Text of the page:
We previously reported about the uncertain future of Israel in the Eurovision Song Contest. What brought it about was the fact that the Israel Broadcasting Authority has been facing severe financial and image problems. The Knesset, the parliament of Israel, has been discussing the potential shutdown of the public broadcaster for quite a while now. Yesterday a final decision regarding the future of the IBA has been made.

IBA shutdown in March
With a majority of 45 to 11, the Knesset indeed voted in favour of a shutdown of the Israel Broadcasting Authority. However, this doesn’t mean the broadcaster will cease to exist. It was decided that the current broadcaster will be dismantled in March 2015 and a new television entity will be launched directly afterwards. Three TV channels (Hebrew, Arabic, children’s channel) and eight radio stations are in the works.

The reforms were outlined by Knesset member Karin Alharar who made the following statement after the vote:

We had one goal in mind — to create innovative public broadcasting where current public broadcasting is no longer perceived as relevant. The new law aims to improve [public broadcasting]. We don’t want to destroy anything, only to build something new.

Financial framework of the relaunch
It looks like the IBA will be radically downsized as well. 1,700 of the current employees will be fired whereas at least 190 of them will be recruited for the new channel. This decision has also provoked a lot of criticism as many have argued that the IBA journalists are doing an outstanding job reporting from the current conflict zones by even risking their lives.

The biggest change for the Israeli people will be the cancellation of the widely unpopular television fee. Instead the funding will come from the Ministry of Finance. In 2015 and 2016 the budget will be NIS 665 million (approximately 145 million euros) which will partly be financed by taxes and by selling some of IBA’s real estate.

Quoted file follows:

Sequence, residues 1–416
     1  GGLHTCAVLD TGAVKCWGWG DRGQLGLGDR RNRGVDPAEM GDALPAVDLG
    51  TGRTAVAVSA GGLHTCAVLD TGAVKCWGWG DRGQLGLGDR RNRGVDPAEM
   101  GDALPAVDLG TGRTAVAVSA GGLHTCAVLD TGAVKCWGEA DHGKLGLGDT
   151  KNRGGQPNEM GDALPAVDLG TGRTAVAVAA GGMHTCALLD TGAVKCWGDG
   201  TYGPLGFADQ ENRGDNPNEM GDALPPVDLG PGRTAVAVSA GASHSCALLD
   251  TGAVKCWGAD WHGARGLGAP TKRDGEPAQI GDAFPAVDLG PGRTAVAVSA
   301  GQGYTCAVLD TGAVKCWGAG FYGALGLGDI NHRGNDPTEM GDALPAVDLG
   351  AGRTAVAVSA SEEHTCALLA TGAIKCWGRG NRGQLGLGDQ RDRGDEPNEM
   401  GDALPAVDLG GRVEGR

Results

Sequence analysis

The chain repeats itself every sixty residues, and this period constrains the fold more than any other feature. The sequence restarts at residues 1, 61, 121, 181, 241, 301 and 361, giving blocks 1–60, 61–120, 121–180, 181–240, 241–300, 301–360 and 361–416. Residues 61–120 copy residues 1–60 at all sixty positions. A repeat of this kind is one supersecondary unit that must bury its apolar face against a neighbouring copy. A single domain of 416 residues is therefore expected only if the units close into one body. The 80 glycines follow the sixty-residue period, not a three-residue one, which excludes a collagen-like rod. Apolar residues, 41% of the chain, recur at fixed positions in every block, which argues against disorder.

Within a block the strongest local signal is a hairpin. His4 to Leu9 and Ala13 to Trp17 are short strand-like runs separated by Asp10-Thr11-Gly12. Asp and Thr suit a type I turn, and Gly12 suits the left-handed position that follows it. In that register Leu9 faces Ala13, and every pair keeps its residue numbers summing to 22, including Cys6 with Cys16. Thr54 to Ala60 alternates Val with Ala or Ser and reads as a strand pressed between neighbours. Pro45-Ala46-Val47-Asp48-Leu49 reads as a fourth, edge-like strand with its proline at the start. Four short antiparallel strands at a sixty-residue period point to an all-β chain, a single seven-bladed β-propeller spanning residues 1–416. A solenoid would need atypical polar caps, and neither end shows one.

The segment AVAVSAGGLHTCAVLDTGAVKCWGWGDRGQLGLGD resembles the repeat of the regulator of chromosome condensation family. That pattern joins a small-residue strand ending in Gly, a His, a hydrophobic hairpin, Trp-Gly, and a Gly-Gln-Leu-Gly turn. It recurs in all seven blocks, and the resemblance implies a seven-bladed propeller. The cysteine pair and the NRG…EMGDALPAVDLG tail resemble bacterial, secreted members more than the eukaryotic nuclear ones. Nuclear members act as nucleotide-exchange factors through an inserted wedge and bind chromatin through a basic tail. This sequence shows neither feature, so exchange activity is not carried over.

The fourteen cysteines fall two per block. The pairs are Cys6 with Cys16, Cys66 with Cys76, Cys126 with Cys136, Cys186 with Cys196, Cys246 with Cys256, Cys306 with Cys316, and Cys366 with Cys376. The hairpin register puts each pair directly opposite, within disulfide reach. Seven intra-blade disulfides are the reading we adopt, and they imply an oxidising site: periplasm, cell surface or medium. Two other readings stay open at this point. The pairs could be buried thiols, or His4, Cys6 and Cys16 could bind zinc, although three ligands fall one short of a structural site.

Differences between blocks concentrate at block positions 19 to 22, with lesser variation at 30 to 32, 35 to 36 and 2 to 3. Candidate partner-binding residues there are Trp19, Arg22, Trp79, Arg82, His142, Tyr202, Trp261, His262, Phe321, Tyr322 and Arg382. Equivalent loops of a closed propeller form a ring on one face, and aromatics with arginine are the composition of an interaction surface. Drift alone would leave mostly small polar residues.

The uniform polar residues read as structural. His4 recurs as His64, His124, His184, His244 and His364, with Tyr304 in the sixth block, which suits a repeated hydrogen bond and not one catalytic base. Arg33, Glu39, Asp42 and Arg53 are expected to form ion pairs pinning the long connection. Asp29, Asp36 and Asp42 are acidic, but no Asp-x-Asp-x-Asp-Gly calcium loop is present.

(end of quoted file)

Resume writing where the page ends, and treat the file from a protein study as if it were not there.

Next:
What does this mean for Israel in Eurovision?
Statements concerning Israel’s future participation in the Eurovision Song Contest haven’t been made. At this point, anything regarding the contest is pure speculation. Considering the massive budget that is raised for the relaunch of the public broadcaster, there might not be enough money left for Israel’s participation in Eurovision. Israel dropping out in 2015 therefore seems likely and logical – especially considering the reform will take place in March which is just two months before the contest takes place.

However, a similar situation occurred in Greece last summer: The public broadcaster ERT was also shut down by the government and eventually relaunched as NERIT. As we all know, a participation in this year’s contest was ensured despite the precarious situation of the broadcaster.

What do you think? Will Israel take part in Eurovision next year despite a costly relaunch of a new public broadcaster? Share your thoughts in the comments below!

Sources: The Jerusalem Post | Globes | Israel Hayom

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